D'vrei Torah by Rabbi Ellie Shemtov
I Won’t Back Down (Tom Petty)
Well I won't back down
No I won't back down
You can stand me up at the gates of hell
But I won't back down
No, I'll stand my ground
Won't be turned around
And I'll keep this world from draggin' me down
Gonna stand my ground
And I won't back down
Hey baby, there ain't no easy way out
Hey I will stand my ground
And I won't back down And I won’t back down
We buried my father on the afternoon leading up to Rosh Hashanah in 2003. Now, some rabbis say the High Holy Day season begins with Tisha B’Av – in the middle of the summer. Some say it begins with the Selichot service, a week before Rosh Hashanah. I have always believed the former but about a week ago, it occurred to me that whatever I might think I believe, since 2003, the High Holy Day season smacks me up the side of my head, on the day of my father’s yahrtzeit.
Avshalom Saul Smith (yeah you heard me right), Avshalom Saul Smith alav hashalom, may peace be upon him, was a civil engineer. Now, when I say alav hashalom, may peace be upon him, I am wishing peace upon a man whose name Avshalom means father of peace. Suffice to say no name ever fit a man quite so well.
Avisholum as some of his relatives called him, began his civil engineering career helping to build the New York Thruway and then went to work for a company named Porter & Ripa in Newark, NJ, where he was involved in the building of the Garden State Parkway. Porter & Ripa did a lot of work for the state of NJ and in the late 70’s it was discovered that the company had been taking the state of New Jersey to the cleaners—embezzling a million dollars by altering timesheets. Unfortunately, my father’s signature was at the bottom of a lot of these timesheets and he was asked to appear before a grand jury.
Just to be clear, my father signed these timesheets before they were altered. He did nothing wrong, and perhaps to ensure his “loyalty,” someone very high up in the company asked my father to lie to the grand jury. I don’t think I need to say anything more than point you to any episode of the Sopranos to help you understand exactly what was going on.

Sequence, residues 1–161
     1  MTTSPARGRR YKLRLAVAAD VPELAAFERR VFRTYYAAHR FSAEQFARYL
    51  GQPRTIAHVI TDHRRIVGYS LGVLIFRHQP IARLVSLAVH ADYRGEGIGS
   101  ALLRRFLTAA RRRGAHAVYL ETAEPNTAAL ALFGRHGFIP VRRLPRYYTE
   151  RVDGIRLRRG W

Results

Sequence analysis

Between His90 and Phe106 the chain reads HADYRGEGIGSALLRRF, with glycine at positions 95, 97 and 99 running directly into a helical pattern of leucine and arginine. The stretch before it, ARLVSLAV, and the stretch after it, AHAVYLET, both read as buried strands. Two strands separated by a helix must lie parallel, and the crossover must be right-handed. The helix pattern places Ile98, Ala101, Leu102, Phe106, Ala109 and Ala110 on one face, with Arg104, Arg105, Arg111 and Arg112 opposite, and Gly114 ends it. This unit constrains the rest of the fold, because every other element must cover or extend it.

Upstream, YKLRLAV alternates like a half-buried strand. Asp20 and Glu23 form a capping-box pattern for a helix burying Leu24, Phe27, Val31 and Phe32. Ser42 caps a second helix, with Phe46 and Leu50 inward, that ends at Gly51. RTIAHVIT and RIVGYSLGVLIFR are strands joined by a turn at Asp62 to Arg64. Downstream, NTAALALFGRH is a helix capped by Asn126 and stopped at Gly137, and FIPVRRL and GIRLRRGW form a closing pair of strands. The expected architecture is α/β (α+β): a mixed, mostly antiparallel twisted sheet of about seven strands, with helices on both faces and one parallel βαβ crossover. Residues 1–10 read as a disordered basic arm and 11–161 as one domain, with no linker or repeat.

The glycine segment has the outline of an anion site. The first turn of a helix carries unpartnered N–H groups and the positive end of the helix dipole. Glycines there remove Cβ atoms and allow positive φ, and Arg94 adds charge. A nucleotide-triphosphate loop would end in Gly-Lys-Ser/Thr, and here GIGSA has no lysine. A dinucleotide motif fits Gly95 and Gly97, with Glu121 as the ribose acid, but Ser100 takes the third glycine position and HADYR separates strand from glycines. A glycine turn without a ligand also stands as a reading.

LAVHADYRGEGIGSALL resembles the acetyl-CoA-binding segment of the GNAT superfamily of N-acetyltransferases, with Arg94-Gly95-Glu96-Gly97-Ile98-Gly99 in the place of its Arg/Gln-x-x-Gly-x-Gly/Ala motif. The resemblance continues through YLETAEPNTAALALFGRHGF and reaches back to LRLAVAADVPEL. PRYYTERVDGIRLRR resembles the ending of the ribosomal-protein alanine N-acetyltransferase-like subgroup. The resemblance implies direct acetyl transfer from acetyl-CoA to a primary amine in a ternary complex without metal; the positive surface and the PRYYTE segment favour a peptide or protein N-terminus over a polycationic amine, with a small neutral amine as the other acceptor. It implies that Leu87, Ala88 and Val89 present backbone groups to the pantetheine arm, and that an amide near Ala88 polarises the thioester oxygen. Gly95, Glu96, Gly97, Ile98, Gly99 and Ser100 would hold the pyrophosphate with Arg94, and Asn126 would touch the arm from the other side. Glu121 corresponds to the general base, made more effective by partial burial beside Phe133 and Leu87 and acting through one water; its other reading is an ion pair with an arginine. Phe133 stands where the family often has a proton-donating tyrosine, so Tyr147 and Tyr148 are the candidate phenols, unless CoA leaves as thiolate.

In the end my father did the right thing – really the only thing he knew how to do. He told the truth. Now, it’s easy to say that my father did the right thing, but as I got older I came to understand exactly what it took to do this right thing. Clearly, it was dangerous to lie to a grand jury. But it was just as dangerous, if not more so in this case, to defy this person so high up in the company and possibly put yourself and your family at risk.
But again, my father had no idea how to lie. Telling the truth was all he knew how to do. As Tom Petty wrote in the song I began with, my father would not; could not back down from his ethical beliefs. Soon after, the company was taken over by forces that probably weren’t much better and many in the company, including my father, who at the time was 57 years old, were fired.
But, Avshalom Saul Smith was an excellent engineer and it didn’t take him long to find a job, despite his age. He went to work for the Louis Berger Company in E. Orange, NJ. Now, East Orange wasn’t exactly an upgrade neighborhood-wise from Newark but it was definitely an upgrade in job opportunity. The Louis Berger Company was an international engineering firm and not long after he joined the company my father was sent to Portugal for a month. Soon after that, Louis Berger bid on a job in Israel to build an air base in the Negev. The air base needed to be built to replace an existing one in the Sinai, which would soon be given back to Egypt as part of the Middle East Peace Accords.
The Louis Berger Company won the bid and when my father was named project engineer for this job, my parents moved back to Israel for two years.
For me, this has always been a story about doing the right thing no matter the cost and I’ve always held this story up as a model for how I needed to live my life. My father was generally a quiet man but his actions spoke way louder than his words.
This is also a story about enduring difficult times on the path to finding your destiny and I don’t think my father could have found a more perfect destiny if he had chosen it himself. His destiny meant returning to the land of his childhood, to the land his grandparents made their home in the 1890’s and perhaps most importantly, his destiny was to help make Israel a more secure state. That destiny would not have happened had Porter & Ripa been an honest company.